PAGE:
All in all, it is safe to conclude that the labour of DPRK workers in Poland can be labelled as ‘forced labour’, as is also confirmed by the Polish labour inspectorate in the documentaries ‘Cash for Kim’ and ‘Dollar Heroes’ (produced by the Why Foundation in a series called ‘Why Slavery’), the UN special rapporteur on DPRK and the US report  on human trafficking. The question then is who can be held accountable for violating the labour and human rights of DPRK workers and account for the profits made as a consequence of these violations.[3] The DPRK supplying the workers, the direct or indirect employers as the perpetrators, subsidiaries or business partners giving the orders and profiting from it, or all of them? The issue of liability can shift from fault based liability to strict liability, which could be justified by the fact that all the parties involved profited from –intolerable - slave labour.

Our first and second report on DPRK labour in Poland have shown that Polish Shipbuilding companies in Gdynia and in Szczecin work together closely with Dutch Shipbuilding partners on financing vessels, supplying parts, project management, technical know-how, security, obtaining quality certificates and sharing EU funding.[4] The cases offer sufficient proof of close partnership and cooperation. The key question is whether in the case of proved abuse and labour exploitation, the Dutch legal framework can be used to hold the partner companies accountable. If so, companies could also be held accountable for criminal offenses if the exploitation is deemed severe enough to fulfil the conditions enshrined in Article 273 of the Dutch Penal Code, and specifically Article 273f(6), criminalising ‘profiting from the exploitation of a person’. Prof. Ryngaert from Utrecht University believes it is a very real possibility. He states,

It is the territorial benefit which a corporation draws from exploitive practices, regardless of location, that serves as the jurisdictional linchpin. Accordingly, Article 273f(6) of the Dutch Penal Code creates opportunities to trigger Dutch jurisdiction over corporations linked to acts of exploitation somewhere down the supply chain, and ultimately hold them liable.[5]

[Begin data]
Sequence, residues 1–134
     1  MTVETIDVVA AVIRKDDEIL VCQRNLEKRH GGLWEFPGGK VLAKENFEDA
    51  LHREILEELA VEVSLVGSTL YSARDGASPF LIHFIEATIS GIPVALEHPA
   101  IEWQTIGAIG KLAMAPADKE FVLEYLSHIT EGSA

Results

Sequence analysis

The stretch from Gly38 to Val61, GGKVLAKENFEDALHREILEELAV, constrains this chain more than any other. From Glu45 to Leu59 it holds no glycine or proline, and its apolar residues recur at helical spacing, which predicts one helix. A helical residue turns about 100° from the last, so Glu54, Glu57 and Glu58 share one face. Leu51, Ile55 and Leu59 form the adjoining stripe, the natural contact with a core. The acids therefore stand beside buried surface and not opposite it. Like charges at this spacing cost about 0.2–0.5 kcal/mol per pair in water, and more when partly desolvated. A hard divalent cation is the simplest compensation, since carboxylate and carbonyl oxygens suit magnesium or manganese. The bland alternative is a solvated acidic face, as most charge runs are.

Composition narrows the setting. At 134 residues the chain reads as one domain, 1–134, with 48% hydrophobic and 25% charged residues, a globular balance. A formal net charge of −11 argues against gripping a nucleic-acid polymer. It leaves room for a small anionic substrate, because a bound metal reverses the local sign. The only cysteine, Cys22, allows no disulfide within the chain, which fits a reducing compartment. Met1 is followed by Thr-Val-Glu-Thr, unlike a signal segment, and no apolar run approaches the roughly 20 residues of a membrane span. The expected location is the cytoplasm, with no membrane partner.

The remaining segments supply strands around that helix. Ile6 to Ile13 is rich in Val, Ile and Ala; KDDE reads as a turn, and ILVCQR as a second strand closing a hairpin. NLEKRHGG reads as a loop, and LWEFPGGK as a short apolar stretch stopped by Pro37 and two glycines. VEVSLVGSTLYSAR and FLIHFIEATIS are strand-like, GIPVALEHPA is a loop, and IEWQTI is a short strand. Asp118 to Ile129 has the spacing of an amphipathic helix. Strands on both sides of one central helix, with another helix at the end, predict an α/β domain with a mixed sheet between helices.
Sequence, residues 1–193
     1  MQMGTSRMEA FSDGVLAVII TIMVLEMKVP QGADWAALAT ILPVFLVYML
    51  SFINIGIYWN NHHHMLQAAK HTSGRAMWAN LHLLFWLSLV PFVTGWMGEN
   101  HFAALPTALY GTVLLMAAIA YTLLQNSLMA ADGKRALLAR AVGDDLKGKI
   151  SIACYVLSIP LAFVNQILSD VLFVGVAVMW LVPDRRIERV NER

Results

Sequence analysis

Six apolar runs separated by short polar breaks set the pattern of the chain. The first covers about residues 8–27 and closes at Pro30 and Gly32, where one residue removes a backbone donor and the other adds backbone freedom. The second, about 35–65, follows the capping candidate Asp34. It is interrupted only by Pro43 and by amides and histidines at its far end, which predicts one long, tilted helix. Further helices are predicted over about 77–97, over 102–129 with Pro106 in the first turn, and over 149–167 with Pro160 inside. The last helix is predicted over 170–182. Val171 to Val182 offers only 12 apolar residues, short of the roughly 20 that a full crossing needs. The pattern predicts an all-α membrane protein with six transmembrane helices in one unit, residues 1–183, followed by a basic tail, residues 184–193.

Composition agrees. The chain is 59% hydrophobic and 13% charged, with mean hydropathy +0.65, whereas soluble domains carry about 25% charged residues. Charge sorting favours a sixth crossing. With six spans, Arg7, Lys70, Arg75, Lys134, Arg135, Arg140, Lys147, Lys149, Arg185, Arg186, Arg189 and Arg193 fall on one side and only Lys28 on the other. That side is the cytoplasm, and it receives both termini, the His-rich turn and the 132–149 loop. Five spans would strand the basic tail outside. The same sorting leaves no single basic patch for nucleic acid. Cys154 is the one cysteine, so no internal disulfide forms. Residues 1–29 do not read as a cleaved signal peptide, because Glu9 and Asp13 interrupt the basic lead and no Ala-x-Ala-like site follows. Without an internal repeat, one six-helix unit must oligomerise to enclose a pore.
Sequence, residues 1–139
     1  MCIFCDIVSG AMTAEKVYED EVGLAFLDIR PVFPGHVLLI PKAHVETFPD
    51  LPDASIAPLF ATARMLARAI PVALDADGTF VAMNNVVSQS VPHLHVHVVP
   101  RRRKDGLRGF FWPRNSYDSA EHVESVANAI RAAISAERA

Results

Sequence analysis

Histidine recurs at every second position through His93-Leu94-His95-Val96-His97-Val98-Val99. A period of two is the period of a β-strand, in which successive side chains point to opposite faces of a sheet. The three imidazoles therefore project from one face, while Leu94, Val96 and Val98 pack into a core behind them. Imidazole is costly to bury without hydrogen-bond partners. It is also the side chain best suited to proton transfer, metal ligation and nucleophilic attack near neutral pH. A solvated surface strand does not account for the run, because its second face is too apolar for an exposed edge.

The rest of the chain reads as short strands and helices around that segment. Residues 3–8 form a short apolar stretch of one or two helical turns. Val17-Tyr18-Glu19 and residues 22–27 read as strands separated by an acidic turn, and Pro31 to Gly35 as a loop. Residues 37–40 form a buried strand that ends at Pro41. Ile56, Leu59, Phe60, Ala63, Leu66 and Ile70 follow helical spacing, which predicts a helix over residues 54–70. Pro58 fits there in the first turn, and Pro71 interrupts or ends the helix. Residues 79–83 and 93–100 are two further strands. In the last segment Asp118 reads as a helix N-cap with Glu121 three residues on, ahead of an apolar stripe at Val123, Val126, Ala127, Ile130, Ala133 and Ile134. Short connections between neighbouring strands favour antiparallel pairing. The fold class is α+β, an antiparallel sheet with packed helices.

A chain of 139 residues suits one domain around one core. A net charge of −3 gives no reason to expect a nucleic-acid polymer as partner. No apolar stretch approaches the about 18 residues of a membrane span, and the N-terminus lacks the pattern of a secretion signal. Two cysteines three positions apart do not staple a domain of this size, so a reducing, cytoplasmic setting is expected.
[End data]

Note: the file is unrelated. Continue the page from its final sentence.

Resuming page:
In terms of liability he argues,

In general however, it can be stated that a corporation's liability will be engaged when it consciously accepted the risk that the goods it bought were produced in substandard conditions, including conditions of labour exploitation, even if the corporations did not intend such conditions to occur, and if the corporation did not have positive knowledge of the conditions

It is now up to the Dutch Prosecution Office whether they will take up the case and prosecute the suspected Dutch company for ‘profiting’ from labour exploitation. There will be legal counter-arguments raised, but other considerations will undoubtably also play a role. Such as the lack of capacity at the Dutch prosecution office that is severely understaffed, pressure from politicians and businesses who might prioritize short term economic interests. In any event, it will be an important and interesting case to follow. For the value of this case in particular, but  also for the window it might open for other cases in which workers are exploited to the benefit of the corporations sitting at the top of the chain.

A recent Dutch judgment from May 2018 is interesting in this respect, it involved the managing director of a Dutch large shipping company who was held liable for wrongdoings happening in –amongst other places- Bangladesh and who was sentenced to a fine of €50.000 and disqualified from his profession for a year.[6] Primarily, this case focussed on environmental offenses. The managing director violated ‘the stipulations of the European Regulation (EG) Nr. 1013/2006 of the European Parliament and the council of 14 June 2006 with regard to the transfer of waste materials (EWSR).’[7] But the following considerations are also included in the judgment and have played an important role in it: